The Imminency of the Lord's Return

From "The Gospel of Luke" by George N. H. Peters.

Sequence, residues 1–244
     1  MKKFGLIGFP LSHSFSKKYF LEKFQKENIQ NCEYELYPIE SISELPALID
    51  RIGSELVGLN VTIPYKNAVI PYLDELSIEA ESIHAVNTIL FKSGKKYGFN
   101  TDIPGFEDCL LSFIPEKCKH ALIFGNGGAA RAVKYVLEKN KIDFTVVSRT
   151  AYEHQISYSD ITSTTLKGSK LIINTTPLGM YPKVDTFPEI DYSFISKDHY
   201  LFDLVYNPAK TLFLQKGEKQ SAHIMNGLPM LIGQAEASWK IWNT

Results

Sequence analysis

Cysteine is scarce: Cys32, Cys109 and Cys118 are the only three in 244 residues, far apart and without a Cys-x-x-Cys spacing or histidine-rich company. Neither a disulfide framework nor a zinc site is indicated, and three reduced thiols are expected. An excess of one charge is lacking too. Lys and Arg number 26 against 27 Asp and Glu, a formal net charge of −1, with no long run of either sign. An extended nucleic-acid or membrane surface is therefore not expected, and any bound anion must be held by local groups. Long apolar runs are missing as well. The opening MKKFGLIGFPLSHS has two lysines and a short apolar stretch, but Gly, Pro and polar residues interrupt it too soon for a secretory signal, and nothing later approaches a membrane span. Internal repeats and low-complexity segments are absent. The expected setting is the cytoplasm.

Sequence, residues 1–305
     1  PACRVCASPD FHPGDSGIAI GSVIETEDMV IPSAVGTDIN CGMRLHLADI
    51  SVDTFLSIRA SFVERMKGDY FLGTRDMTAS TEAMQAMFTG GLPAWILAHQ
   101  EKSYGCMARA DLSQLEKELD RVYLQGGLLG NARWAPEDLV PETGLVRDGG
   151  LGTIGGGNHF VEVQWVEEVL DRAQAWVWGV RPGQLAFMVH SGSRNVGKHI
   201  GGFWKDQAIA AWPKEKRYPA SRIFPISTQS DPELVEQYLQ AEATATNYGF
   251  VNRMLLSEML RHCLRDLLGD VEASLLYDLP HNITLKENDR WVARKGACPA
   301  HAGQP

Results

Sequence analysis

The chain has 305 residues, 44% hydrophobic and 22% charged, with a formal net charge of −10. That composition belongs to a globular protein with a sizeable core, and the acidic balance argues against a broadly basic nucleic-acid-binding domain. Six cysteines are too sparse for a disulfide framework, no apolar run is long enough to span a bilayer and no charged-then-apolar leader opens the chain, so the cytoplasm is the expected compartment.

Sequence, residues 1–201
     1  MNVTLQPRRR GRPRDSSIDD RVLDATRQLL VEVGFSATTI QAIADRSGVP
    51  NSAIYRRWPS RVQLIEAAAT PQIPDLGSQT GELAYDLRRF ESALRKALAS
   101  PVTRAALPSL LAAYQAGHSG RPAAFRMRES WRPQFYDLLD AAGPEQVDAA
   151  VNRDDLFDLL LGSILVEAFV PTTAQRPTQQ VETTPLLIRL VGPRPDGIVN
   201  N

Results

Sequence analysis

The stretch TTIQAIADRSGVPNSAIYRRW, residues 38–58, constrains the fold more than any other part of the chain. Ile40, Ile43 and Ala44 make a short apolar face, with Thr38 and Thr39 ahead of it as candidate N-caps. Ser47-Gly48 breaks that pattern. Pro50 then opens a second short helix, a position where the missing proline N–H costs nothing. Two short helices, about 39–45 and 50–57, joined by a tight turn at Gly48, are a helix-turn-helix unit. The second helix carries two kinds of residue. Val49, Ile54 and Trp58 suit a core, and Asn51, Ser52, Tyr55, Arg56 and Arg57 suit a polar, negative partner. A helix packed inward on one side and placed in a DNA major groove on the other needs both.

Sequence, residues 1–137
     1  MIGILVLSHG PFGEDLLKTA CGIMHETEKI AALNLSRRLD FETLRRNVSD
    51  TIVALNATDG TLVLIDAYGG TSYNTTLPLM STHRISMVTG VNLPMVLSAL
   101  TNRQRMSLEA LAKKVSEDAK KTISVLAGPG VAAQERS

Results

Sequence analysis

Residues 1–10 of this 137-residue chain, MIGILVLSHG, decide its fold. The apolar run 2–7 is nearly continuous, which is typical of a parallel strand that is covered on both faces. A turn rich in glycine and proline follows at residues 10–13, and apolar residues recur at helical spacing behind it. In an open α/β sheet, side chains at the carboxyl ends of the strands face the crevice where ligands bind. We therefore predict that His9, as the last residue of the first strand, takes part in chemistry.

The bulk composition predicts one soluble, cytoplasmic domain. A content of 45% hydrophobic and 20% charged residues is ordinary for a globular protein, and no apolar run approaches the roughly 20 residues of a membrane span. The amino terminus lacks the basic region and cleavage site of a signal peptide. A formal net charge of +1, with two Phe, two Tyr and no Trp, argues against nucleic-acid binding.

We are very frank in making this confession, viz: that we dare not lower the prominency or weaken, in the slightest degree, the imminency of the Second Advent by interposing events; for we fear lest He come and find us occupying a predictive position, affirming that He cannot possibly come in this or that watch because of the events that must first be realized.  We have no desire to be placed in such an attitude at His Coming, and be found among those who violate one of the plainest precepts recorded in the New Testament.  For above all and beyond all, human commendation, we ought to seek the Divine approval, which will honor faith in the Word, thus practically manifested, even if we are unable to explain all that relates to it.  Jesus certainly, after his own weighty warning and concise command, cannot, and will not be displeased at our hope in his imminent Coming, especially when we allow it to have its intended restraining and purifying influence upon us.  Learned men, eloquent men, and great men may tell us to come down from our watch-tower, for the Master cannot and will not come to-day, or tomorrow, or next week, or next year, or in the next fifty or a hundred years, or even during the next thousand, but we dare not forsake our watch, for we fear to disobey the Master’s injunctions.  Should He come and find us disobedient in this important particular, we can make no apology for leaving his command and following after the leadership of men, who “know not the day and the hour.”  More than this; - we just as candidly admit, that we are afraid that if the Master comes and finds us lacking in faith, so that we do not receive and practice watching in the way that He enjoined, we will suffer great loss because of its absence.  We fear lest we suffer the loss of a blessed and glorious translation, and of a resultant honor and glory, and be compelled to pass through the last fearful tribulation of the Church and experience both the power of a dreadful persecution and the regrets imposed by a delay.  We want the special favor promised in Luke 21:36.  Bretheren may deride and scorn such fears and desires as idle dreams, and denounce our hopes as childish vagaries, but, by God’s guidance and grace, we entertain them, hold fast to them, because we earnestly desire to possess the blessings when the Master himself comes.  We may be reproached, insulted, despised, but the Master foresaw all this when He enjoined daily watching, and orders it to test the strength of faith and obedience.  Bretheren may honestly investigate for themselves, and sincerely differ from us in the estimate of details, and for this we do not censure them or speak disrespectfully of them - for to the Master only are they responsible, - but we do emphatically object when their conclusions are elevated to the position of a standard and ostensibly urged for our acceptance under the penalty of being regarded as very inferior and incapable students.  Such threatening, in view of the imminent danger set before us and which we deem possible at any time, has but little weight from the fact that we do not seek the praise of men but the praise of the Coming One.  May the Lord ever keep us in this frame of mind and heart and life.  Amen.